Reverse Mortgage vs. Traditional Mortgage: Determining What’s Right for You
Approximately 65 percent of Americans own homes. So it’s no surprise that every year, millions of borrowers take out a traditional mortgage loan to finance a new home purchase. But for older homeowners, there’s another option that can serve as a valuable home-buying tool, as well as a smart strategy for financial planning during retirement — a reverse mortgage loan.
A reverse mortgage can help you leverage the equity you’ve built up in your home to maintain a comfortable retirement, without taking on a new mortgage payment to purchase a home that better fits your retirement needs. While a reverse mortgage is far less common than a traditional mortgage, it may be the wiser choice, depending on where you are in your life.
What’s the same? More than you might think!
Whether you’re taking out a reverse mortgage loan or a traditional loan, these rules still apply for the borrower:
- Property taxes and homeowners insurance must be paid in full
- You’re responsible for basic home maintenance and repairs
As with any loan, lenders will require documentation to ensure a borrower has the resources to meet the financial obligations of the loan, including credit history, income verification, asset verification and more. Despite the documentation, unlike a conventional 15- or 30-year mortgage, there are generally less income or credit requirements for a reverse mortgage loan.
The biggest differentiators
Differences between the loans aren’t necessarily a matter of which option is better, but rather which loan is right for you.
Requirements. Most states require you to be a minimum of 18 years old to take out a traditional loan. While most other requirements vary by lender, borrowers often maintain a credit score of at least 620 and put down a minimum of 3%. For a reverse mortgage loan, the youngest borrower on title must be at least 62 years old, live in the home as their primary residence and have sufficient home equity. Borrowers must also meet financial eligibility criteria as established by HUD, including the completion of HUD-approved reverse mortgage counseling, and have no delinquent federal debt.†
Monthly payments. Unlike a traditional loan, reverse mortgages don’t require monthly payments. You can pay as little or as much as you want — when you want. If you’re staying in your current home, the reverse mortgage actually pays off the traditional mortgage first, and the remaining proceeds can be accessed as a lump sum, monthly payments or a line of credit that’s available if and when you need it.* As with any mortgage, you must meet your loan obligations, keeping current with property taxes, insurance, and maintenance.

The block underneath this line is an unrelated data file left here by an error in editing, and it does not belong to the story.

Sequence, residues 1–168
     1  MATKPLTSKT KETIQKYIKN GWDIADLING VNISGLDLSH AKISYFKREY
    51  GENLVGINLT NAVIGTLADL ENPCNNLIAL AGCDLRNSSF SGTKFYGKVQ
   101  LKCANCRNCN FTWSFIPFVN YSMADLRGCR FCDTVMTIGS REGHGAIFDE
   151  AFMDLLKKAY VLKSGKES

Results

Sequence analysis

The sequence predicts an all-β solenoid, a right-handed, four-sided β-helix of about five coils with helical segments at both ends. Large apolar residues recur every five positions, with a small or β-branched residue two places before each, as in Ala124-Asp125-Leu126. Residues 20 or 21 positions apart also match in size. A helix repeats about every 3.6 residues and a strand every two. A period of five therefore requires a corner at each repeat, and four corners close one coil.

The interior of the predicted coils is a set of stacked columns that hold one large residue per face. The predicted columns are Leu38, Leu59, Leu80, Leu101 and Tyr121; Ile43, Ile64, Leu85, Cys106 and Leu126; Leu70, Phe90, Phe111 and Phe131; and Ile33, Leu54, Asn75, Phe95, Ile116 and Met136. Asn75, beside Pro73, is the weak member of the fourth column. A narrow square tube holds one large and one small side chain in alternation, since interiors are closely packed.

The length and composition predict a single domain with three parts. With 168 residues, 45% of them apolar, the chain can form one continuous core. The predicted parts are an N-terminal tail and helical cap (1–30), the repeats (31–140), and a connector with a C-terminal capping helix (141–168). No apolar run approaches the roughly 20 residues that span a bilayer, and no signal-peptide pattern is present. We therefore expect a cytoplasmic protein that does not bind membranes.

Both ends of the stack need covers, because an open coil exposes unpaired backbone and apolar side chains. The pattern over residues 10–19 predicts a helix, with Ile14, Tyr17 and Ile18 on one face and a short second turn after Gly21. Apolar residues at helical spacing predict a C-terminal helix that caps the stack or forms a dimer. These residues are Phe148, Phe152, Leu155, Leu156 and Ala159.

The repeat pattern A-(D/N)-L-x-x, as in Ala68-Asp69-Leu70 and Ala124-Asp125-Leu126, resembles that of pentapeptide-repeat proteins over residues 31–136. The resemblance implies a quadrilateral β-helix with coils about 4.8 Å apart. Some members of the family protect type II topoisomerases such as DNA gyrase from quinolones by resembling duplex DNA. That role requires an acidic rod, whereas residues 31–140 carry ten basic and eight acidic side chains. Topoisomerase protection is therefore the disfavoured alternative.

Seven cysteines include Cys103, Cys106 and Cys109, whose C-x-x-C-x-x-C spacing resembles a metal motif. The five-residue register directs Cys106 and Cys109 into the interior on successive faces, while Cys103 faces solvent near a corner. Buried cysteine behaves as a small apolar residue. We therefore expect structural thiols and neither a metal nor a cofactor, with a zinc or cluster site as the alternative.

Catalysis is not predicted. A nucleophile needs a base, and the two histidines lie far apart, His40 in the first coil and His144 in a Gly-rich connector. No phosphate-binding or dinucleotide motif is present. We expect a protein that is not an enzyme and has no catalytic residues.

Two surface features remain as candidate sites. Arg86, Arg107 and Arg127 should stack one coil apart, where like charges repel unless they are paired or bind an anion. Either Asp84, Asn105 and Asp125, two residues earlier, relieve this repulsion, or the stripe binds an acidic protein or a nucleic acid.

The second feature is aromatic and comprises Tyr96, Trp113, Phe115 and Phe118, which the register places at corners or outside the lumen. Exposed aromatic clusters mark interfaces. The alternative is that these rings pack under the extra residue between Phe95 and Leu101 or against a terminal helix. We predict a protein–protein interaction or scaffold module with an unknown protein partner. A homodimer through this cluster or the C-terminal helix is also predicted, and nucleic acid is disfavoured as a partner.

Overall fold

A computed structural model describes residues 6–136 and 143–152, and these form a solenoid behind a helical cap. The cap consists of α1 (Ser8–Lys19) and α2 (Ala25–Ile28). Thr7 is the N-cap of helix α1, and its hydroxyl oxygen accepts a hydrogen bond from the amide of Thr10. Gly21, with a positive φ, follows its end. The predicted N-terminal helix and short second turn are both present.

Weighing the risks and rewards
With the facts in hand, you can decide which type of mortgage best suits your needs to live a more comfortable retirement. If you’re considering cashing in on the benefits of a reverse mortgage loan, Reverse Mortgage Funding (RMF) can answer your questions and help decide if it’s the best option for you. To learn more, call RMF today at (888) 277-1567 to schedule a free, in-person appointment with a loan specialist in your area.
This content is sponsored by RMF, one of the nation’s leading reverse mortgage lenders. We are dedicated to helping older Americans retire more freely, in the comfort of their own homes. As a result of our commitment to providing an extraordinary and positive customer experience, we have earned a 98% customer satisfaction rating; a 4.7-star / Excellent score on Trustpilot; 4.8 out of 5 stars on LendingTree; and an A+ rating with the Better Business Bureau. Call 888-277-1567 to speak with a licensed reverse mortgage specialist to learn about our retirement financing products and solutions.
† This material has not been reviewed, approved or issued by HUD, FHA or any government agency. The company is not affiliated with or acting on behalf of or at the direction of HUD/FHA or any other government agency.
*Borrowers who elect a fixed rate loan will receive a single disbursement lump sum payment. Other payment options are available only for adjustable rate mortgages.
SEE WHAT FUNDS YOU MAY HAVE AVAILABLE
If you have equity in your home and believe you meet the eligibility requirements, a HECM may be the option that could help you retire smart.